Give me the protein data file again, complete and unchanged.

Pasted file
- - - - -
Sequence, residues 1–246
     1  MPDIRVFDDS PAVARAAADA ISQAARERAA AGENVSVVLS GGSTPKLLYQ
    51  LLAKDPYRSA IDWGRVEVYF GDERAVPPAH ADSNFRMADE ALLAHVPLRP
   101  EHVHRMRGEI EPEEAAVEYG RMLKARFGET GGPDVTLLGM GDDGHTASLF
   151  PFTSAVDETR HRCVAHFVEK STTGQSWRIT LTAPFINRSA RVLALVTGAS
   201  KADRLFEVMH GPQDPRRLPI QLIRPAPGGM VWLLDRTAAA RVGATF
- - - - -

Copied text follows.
Sequence, residues 1–246
     1  MPDIRVFDDS PAVARAAADA ISQAARERAA AGENVSVVLS GGSTPKLLYQ
    51  LLAKDPYRSA IDWGRVEVYF GDERAVPPAH ADSNFRMADE ALLAHVPLRP
   101  EHVHRMRGEI EPEEAAVEYG RMLKARFGET GGPDVTLLGM GDDGHTASLF
   151  PFTSAVDETR HRCVAHFVEK STTGQSWRIT LTAPFINRSA RVLALVTGAS
   201  KADRLFEVMH GPQDPRRLPI QLIRPAPGGM VWLLDRTAAA RVGATF